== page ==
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The design of equity trading markets in Europe (Oxera, March 2019)

One year on from the implementation of MiFID II, the objective of this report is to inform the debate on the design of equity trading markets in Europe – in particular, market data services – by providing an economic analysis of the role of the price formation process, the impact of regulatory change and the value chain for market data services.

Cologne Institute for Economic Research - The Economic Effects of a Merger of Deutsche Börse and London Stock Exchange - Part 1: Contribution to financing the economy (June 2016)

The Cologne Institute for Economic Research published the first part of an independent study commissioned by DBG in June 2016. The study from Prof. Dr. Hüther and Dr. Demary is the first part of a series consisting of three studies on economic effects of the purposed merger of Deutsche Börse and London Stock Exchange.

The T2S Opportunity – Unlocking the hidden benefits of TARGET2-Securities (September 2014)

Regulatory constraints and the capital, funding and cost pressures that subsequently result continue to force banks to re-engineer their business models. While trading and clearing operations are being actively restructured, banks are missing out on untapped optimisation opportunities in the post-trade area, particularly in the highly fragmented European market.

The European Central Bank’s TARGET2-Securities (T2S) initiative is addressing this fragmentation. T2S will trigger fundamental changes in the post-trade landscape, far beyond the initial scope of pan-European settlement in central bank money. These changes will enable cost efficiencies which banks must consider to support their cost saving agendas and stay competitive with other market players. T2S will enable banks to reap significant benefits from consolidating assets and the direct access to and use of central bank money.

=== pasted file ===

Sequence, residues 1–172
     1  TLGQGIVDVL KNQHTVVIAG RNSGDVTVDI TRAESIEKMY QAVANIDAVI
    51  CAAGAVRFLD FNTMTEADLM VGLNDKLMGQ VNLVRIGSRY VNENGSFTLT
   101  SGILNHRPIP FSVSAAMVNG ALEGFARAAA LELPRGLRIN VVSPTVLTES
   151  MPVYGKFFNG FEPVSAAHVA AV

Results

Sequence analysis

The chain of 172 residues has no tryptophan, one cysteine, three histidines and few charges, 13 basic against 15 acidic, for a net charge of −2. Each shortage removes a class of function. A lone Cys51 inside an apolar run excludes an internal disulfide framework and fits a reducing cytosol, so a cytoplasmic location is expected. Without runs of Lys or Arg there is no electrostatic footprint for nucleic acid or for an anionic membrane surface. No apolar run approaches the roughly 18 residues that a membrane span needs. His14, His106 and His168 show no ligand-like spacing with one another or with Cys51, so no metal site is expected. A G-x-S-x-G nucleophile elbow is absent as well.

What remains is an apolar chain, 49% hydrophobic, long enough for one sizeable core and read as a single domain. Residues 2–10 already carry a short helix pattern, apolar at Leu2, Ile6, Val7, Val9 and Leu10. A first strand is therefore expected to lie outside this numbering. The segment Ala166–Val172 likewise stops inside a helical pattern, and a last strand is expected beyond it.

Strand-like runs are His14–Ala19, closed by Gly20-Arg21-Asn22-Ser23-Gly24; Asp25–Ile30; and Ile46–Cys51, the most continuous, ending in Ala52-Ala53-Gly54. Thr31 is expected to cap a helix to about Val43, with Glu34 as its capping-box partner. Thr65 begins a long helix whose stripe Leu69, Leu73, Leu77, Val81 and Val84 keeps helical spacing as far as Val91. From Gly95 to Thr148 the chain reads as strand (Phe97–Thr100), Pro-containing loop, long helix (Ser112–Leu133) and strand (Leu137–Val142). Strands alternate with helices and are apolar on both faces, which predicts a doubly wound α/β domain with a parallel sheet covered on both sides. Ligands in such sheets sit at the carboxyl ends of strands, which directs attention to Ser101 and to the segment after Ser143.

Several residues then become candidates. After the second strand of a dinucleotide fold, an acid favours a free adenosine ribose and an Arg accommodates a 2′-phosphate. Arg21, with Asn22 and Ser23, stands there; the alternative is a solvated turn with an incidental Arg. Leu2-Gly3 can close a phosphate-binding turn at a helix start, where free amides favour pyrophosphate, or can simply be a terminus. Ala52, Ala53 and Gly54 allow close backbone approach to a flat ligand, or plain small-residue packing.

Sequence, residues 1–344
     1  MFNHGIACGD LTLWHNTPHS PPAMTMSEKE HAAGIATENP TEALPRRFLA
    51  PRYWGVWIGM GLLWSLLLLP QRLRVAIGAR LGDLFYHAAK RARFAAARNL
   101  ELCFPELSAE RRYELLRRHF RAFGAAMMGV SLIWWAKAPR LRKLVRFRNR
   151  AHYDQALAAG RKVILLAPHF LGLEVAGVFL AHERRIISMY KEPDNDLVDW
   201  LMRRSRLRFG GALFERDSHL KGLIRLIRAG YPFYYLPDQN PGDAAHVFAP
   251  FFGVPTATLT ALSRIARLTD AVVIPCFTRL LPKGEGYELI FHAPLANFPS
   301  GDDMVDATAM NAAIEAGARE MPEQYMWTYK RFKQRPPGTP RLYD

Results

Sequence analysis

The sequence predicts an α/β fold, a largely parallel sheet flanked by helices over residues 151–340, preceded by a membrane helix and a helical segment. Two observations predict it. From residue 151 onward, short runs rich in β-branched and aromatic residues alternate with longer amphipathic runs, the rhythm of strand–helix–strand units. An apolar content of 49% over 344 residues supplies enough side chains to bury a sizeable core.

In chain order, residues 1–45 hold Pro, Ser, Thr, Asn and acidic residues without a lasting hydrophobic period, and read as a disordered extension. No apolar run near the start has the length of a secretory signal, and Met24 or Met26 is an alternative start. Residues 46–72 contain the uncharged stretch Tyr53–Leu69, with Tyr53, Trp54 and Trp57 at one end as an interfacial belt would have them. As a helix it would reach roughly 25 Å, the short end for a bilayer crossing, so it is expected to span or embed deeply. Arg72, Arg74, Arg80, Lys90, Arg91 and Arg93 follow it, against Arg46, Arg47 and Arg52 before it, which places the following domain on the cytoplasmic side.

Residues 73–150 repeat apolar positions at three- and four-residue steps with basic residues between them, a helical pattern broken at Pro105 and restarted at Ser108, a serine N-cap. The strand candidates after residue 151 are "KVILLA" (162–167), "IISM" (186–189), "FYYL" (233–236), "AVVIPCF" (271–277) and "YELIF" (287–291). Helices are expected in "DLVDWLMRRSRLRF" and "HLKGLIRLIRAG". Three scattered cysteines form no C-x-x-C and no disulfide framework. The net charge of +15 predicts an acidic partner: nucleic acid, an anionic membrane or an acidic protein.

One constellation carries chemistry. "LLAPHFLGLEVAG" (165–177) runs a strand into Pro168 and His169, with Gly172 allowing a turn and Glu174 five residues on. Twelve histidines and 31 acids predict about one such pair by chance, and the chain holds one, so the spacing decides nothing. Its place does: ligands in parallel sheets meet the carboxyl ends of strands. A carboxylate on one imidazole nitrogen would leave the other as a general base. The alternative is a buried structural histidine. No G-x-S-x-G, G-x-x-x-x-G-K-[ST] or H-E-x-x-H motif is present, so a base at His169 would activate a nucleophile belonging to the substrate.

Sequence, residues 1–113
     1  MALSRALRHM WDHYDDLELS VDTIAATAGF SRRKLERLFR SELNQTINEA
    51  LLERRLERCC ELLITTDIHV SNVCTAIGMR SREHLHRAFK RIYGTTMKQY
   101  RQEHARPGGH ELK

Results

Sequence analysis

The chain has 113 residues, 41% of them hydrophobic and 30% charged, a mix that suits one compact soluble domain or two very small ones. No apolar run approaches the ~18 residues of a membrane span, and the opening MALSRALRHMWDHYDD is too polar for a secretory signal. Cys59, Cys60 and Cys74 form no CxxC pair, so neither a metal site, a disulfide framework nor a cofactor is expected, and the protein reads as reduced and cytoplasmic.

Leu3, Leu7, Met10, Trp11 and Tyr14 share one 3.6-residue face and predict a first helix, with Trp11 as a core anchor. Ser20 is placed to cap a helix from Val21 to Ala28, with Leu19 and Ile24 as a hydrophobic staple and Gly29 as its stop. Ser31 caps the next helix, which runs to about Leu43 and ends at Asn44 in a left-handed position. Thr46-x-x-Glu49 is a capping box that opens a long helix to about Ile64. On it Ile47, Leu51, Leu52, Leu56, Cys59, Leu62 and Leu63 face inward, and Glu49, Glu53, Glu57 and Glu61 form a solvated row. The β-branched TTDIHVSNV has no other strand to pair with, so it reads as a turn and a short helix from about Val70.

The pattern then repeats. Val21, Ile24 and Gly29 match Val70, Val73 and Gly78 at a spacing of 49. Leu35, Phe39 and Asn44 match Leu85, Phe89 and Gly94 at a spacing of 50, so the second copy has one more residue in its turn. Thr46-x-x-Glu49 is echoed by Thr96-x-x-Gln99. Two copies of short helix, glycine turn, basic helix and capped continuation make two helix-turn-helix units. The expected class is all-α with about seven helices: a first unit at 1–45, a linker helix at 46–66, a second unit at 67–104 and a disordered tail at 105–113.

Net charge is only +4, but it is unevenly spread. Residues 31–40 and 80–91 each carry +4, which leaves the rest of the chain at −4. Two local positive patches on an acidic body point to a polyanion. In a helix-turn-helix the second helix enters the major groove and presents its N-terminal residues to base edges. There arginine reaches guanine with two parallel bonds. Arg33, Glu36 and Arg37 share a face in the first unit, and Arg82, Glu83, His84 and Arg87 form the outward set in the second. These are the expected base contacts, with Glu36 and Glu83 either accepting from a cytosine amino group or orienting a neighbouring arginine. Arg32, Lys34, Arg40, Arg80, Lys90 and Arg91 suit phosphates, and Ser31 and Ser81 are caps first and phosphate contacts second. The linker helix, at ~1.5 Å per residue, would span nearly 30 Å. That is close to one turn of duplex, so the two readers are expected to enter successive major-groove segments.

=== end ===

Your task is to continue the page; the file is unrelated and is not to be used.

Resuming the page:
These efficiencies will play an important role in unleashing the wider macroeconomic benefits from integrating European securities markets, building on the creation of the joint interbank payment system TARGET2.

T2S will go live in 2015 with four major on-boarding phases (“waves”) for the participating central securities depositories (CSDs) from June 2015 to February 2017, with the majority of the volume being migrated in 2016, soon bringing benefits for early adopters. Institutions that delay a proactive T2S strategy risk being hindered by their current providers and losing their competitive edge as savings accrue to first-movers. Banks should act now – or they risk missing out on the T2S opportunity.

This study focuses on the T2S benefits that banks can unlock by consolidating their securities and cash holdings in Europe directly on CSDs and central banks, thereby allowing them to:

  1. reduce settlement-related exposures.
  2. pool collateral for settlement and triparty purposes.
  3. net more cash settlements.
  4. simplify operations.

Pricing of market data services (Oxera, February 2014)

Is market data provided by trading venues too expensive? Would imposing price controls be expected to benefit the real economy?

New economic analysis by Oxera tackles these challenging questions. The results of the analysis question the need for regulation.

In recent years, there has been a debate about market data services provided by trading venues in Europe. The perception is that the fees charged for these services in Europe have increased and are far higher than in the USA. The European Parliament and the European Council agreed with proposals from the European Commission to require trading venues to provide market data services on “a reasonable commercial basis”, and allow for delegated acts to be passed by the Commission to clarify what this would mean. These rules potentially open the way for price regulation by the European Securities and Markets Authority (ESMA).

This Oxera report presents new empirical analysis and provides an economic framework within which the pricing of market data services can be analysed.